Austin’s performing arts companies — more than 100 sizable groups persevere out there — continue to respond to the coronavirus crisis with an ingenious array of virtual shows, classes, talks and special events.


Previously, over the course of several weeks, I explored the digital collections of 30 area museums, galleries, archives and cultural centers, a fine way to wile away the hours.


Over the next few weeks, I’ll focus on digital stand-outs among the area’s performing arts offerings. I’ll also add a few choice items from beyond Central Texas.


• On May 31, the Greater Austin High School Musical Theatre Awards won’t take place at the Long Center for the Performing Arts, but rather right on your own screens.


This award show is something to be seen in person — dozens of fully staged musical numbers from high school performers around the region along with tributes, acceptance speeches and the deafening cheers from family, friends and admirers.



Expect details soon for the May 31 event streamed on the Long Center’s Facebook page. Meanwhile, the creative team, led by Ginger Morris, put together a "Long Story Short" video and uploaded it to YouTube.


• "Live from Indy Terrace," the digital treat from Austin Opera that goes live at 3 p.m. each Friday on YouTube, Facebook and Vimeo, has evolved since shelter-in-place directives made it required viewing for those needing an opera fix.


The first four episodes, hosted by General Director Annie Burridge, featured guests singing from the troupe’s rehearsal hall in North Austin. We reveled in the glories of Elena Villalón, Mela Dailey, Claudia Chapa and Will Liverman.



Beginning with Episode 4, the videos mix past operatic performances with artist chats. Polymath Graham Reynolds kicked things off with a tech-savvy walk through his groundbreaking "Pancho Villa from a Safe Distance." In later episodes, various artists talked about their favorite moments from past taped performances, which are included in the videos.


Episode 8 featured guest conductor Timothy Myers, who chatted about some of his previously recorded efforts. All eight episodes can been seen for free via Vimeo on the "Inside Indy Terrace" page at austinopera.org.


• The 2019-2020 season is over for Texas Performing Arts, which operates several venues on the University of Texas campus. Yet since the company presents so many touring artists — along with campus standouts — it has access to some expertly produced behind-the-scenes videos related to upcoming and past shows.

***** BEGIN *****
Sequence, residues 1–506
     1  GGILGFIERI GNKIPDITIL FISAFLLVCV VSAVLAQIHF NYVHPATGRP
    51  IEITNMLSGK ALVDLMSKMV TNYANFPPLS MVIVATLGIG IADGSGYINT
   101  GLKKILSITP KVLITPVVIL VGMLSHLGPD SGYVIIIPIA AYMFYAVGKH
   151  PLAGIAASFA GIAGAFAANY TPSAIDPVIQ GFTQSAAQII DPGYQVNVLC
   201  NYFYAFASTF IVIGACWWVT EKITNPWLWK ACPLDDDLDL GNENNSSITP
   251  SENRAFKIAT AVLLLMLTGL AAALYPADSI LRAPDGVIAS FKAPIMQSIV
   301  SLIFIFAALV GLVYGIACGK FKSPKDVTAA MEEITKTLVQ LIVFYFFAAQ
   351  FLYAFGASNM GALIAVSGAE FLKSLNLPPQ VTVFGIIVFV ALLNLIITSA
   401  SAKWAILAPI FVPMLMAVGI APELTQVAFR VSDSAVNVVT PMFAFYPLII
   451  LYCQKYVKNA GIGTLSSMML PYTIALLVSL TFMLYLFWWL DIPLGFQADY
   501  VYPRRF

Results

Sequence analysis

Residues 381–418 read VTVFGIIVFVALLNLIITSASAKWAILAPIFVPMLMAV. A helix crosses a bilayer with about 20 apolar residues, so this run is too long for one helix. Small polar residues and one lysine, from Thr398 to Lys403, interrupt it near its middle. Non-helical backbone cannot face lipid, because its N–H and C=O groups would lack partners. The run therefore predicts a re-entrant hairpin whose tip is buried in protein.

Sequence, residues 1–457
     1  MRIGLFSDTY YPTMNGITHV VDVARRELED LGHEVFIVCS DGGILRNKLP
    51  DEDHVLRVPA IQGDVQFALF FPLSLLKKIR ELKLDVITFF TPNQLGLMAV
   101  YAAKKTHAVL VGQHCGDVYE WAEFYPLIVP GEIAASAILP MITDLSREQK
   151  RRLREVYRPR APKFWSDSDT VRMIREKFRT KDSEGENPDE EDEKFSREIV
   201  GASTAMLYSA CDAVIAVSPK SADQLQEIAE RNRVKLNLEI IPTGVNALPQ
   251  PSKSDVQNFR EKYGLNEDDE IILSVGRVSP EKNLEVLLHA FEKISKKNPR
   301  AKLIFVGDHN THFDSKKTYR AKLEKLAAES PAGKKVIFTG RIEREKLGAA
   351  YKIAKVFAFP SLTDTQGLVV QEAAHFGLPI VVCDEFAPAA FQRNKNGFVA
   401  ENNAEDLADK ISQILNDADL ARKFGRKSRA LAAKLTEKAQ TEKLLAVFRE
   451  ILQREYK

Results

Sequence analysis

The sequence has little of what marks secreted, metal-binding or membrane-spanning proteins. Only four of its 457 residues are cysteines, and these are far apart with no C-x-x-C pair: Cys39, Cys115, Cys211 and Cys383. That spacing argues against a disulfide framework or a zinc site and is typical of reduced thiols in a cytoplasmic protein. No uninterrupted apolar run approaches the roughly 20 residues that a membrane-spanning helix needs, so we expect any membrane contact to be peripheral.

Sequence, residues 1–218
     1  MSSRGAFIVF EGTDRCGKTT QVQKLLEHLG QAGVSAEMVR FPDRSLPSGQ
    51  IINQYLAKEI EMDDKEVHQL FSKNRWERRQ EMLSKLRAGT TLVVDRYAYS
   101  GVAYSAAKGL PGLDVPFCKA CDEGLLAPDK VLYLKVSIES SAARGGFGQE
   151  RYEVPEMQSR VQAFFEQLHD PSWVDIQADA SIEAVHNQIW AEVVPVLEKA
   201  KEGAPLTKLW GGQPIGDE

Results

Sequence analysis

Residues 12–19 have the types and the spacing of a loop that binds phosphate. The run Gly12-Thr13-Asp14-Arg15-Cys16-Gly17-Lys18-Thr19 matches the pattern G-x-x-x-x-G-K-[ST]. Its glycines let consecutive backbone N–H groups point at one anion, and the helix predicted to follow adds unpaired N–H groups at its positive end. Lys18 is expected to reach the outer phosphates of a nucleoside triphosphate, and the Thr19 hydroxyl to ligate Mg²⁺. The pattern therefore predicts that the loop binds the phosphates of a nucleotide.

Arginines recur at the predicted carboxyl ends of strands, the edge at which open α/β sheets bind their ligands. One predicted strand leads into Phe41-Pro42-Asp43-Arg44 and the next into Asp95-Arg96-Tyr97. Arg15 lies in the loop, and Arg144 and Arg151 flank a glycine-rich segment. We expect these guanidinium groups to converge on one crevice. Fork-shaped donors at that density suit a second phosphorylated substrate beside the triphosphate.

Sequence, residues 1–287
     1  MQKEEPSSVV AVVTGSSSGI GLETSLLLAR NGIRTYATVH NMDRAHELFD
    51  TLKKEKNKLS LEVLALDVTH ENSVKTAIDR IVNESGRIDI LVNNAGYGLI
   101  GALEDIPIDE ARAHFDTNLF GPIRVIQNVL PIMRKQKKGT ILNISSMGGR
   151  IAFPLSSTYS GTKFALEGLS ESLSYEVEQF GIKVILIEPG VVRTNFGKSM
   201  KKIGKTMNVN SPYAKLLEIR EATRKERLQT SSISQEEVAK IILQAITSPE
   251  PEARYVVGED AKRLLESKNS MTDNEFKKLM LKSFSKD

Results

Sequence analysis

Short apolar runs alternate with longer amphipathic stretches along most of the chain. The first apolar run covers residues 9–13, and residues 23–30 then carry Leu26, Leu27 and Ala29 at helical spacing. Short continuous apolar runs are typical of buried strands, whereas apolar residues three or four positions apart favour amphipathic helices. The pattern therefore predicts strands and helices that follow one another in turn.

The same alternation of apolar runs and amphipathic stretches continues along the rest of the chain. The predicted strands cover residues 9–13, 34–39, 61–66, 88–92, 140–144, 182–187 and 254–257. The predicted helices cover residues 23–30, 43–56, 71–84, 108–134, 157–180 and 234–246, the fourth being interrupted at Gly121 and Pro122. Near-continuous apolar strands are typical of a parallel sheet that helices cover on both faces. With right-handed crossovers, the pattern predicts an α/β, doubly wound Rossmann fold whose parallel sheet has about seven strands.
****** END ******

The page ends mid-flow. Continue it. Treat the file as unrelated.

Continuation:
For instance, its "TPA Backstage Pass" page at texasperformingarts.org includes this well-worded intro to a lot of videos: "During this extended intermission on our stages, we invite you backstage for a look at what goes on behind the scenes and to meet the staff and students who bring you the performances you love. So, until we can be together in the theater again, put on your backstage pass and enjoy this behind-the-scenes journey."



Three recent additions include an intro to the look and feel of the Tony Award-winning musical "Hadestown" by director Rachel Chavkin and scenic designer Rachel Hauch, and a cheeky video, "Five Secrets about ’Mean Girls,’" with actor Kate Rockell, along with a tribute to front-line workers from the cast members of "Wicked."


• Some danced in studios. Others outdoors. Still others from home.


Thirty-two ballerinas from 22 ballet companies perform in the highly polished Swans for Relief video that has people talking. Organized by American Ballet Theatre’s Misty Copeland along with Joseph Phillips, the video seamlessly blends together dancers en pointe from 14 countries to the accompaniment of cellist Wade Davis playing "Le Cygne."



There’s no charge to watch it. At the same time, as Copeland and Phillips explain on their GoFundMe page, they want to raise $500,000 help cover the basic expenses of out-of-work dancers. Search for "Swans for Relief" online and the video will come up.


Why no Ballet Austin swans? The 32 dancers almost all represent much larger and more established troupes.